2020 Vision: Why You Should See the Fossil Fuel Peak Coming
A New World: The Geopolitics of the Energy Transformation
“Kingsmill Bond” certainly sounds like a proper name for a City of London financial analyst. He looks the part, too: gray hair expertly trimmed, well-cut suit. He’s lived in Moscow and Hong Kong and worked for Deutsche Bank, the Russian financial firm Troika Dialog, and Citibank. He’s currently “new energy strategist” for a small British think tank called Carbon Tracker, and last fall he published a short paper called “2020 Vision: Why You Should See the Fossil Fuel Peak Coming.” It asks an interesting question: At what point does a new technology cause an existing industry to start losing significant value?
This may turn out to be the most important economic and political question of the first half of this century, and the answer might tell us much about our chances of getting through the climate crisis without completely destroying the planet. Based on earlier technological transitions—horses to cars, sails to steam, land lines to cell phones—it seems possible that the fossil fuel industry may begin to weaken much sooner than you’d think. The British-Venezuelan scholar Carlota Perez has observed that over a period of twenty years, trains made redundant a four-thousand-mile network of canals and dredged rivers across the UK: “The canal builders…fought hard and even finished a couple of major canals in the 1830s, but defeat was inevitable,” as it later was for American railroads (and horses) when they were replaced by trucks and cars.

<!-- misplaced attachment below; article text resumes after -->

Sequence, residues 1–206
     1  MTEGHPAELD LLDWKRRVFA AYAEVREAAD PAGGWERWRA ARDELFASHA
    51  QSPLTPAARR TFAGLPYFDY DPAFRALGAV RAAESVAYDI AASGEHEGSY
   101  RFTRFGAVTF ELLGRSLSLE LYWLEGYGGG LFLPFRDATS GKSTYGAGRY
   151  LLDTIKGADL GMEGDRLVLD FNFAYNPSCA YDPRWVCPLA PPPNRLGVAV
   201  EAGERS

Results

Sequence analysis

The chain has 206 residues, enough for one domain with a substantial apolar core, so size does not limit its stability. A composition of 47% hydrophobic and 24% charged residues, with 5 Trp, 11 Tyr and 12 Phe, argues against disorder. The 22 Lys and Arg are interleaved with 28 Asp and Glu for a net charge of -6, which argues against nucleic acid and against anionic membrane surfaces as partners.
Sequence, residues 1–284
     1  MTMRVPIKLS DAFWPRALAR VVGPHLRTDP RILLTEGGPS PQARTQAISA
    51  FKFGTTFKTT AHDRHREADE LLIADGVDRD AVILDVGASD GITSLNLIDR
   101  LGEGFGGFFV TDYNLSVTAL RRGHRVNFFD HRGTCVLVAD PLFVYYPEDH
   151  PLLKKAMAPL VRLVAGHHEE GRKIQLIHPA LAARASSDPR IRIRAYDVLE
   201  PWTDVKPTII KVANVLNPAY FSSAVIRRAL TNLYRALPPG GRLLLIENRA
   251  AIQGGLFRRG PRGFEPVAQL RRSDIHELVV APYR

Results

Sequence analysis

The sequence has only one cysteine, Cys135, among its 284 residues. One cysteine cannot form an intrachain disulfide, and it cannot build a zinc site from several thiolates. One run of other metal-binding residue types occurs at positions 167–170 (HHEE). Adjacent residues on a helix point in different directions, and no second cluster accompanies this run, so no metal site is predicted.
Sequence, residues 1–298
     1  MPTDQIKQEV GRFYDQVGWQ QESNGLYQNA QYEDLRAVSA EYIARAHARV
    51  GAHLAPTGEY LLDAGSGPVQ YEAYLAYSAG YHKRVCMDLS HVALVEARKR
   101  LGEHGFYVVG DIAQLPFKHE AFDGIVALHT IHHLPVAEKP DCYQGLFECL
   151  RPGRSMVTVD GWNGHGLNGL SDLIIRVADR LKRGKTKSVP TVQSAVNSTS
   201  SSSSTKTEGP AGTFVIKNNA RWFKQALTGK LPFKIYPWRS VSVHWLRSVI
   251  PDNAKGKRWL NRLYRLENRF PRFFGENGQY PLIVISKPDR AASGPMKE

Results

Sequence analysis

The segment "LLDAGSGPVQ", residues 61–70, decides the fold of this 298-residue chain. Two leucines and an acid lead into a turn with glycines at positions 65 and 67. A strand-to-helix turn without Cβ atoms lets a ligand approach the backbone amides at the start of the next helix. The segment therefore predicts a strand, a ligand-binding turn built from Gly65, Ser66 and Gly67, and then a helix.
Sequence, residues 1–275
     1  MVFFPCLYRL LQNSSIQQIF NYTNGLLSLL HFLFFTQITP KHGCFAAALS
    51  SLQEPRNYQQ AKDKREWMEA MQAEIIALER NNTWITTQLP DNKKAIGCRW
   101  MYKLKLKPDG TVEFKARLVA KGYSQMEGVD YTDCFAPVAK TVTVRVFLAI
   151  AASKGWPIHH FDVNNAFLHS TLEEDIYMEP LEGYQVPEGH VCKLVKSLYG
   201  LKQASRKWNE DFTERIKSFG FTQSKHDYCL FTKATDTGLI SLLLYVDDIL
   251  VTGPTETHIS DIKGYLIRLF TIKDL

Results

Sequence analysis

Major technological transitions often take a while. The Czech-Canadian academic Vaclav Smil has pointed out that although James Watt developed the coal-powered steam engine in 1776, coal supplied less than 5 percent of the planet’s energy until 1840, and it didn’t reach 50 percent until 1900. But the economic effect of those transitions can happen much earlier, Bond writes, as soon as it becomes clear to investors that a new technology is accounting for all the growth in a particular sector.
Over the last decade, there has been a staggering fall in the price of solar and wind power, and of the lithium-ion batteries used to store energy. This has led to rapid expansion of these technologies, even though they are still used much less than fossil fuels: in 2017, for instance, sun and wind produced just 6 percent of the world’s electric supply, but they made up 45 percent of the growth in supply, and the cost of sun and wind power continues to fall by about 20 percent with each doubling of capacity. Bond’s analysis suggests that in the next few years, they will represent all the growth. We will then reach peak use of fossil fuels, not because we’re running out of them but because renewables…
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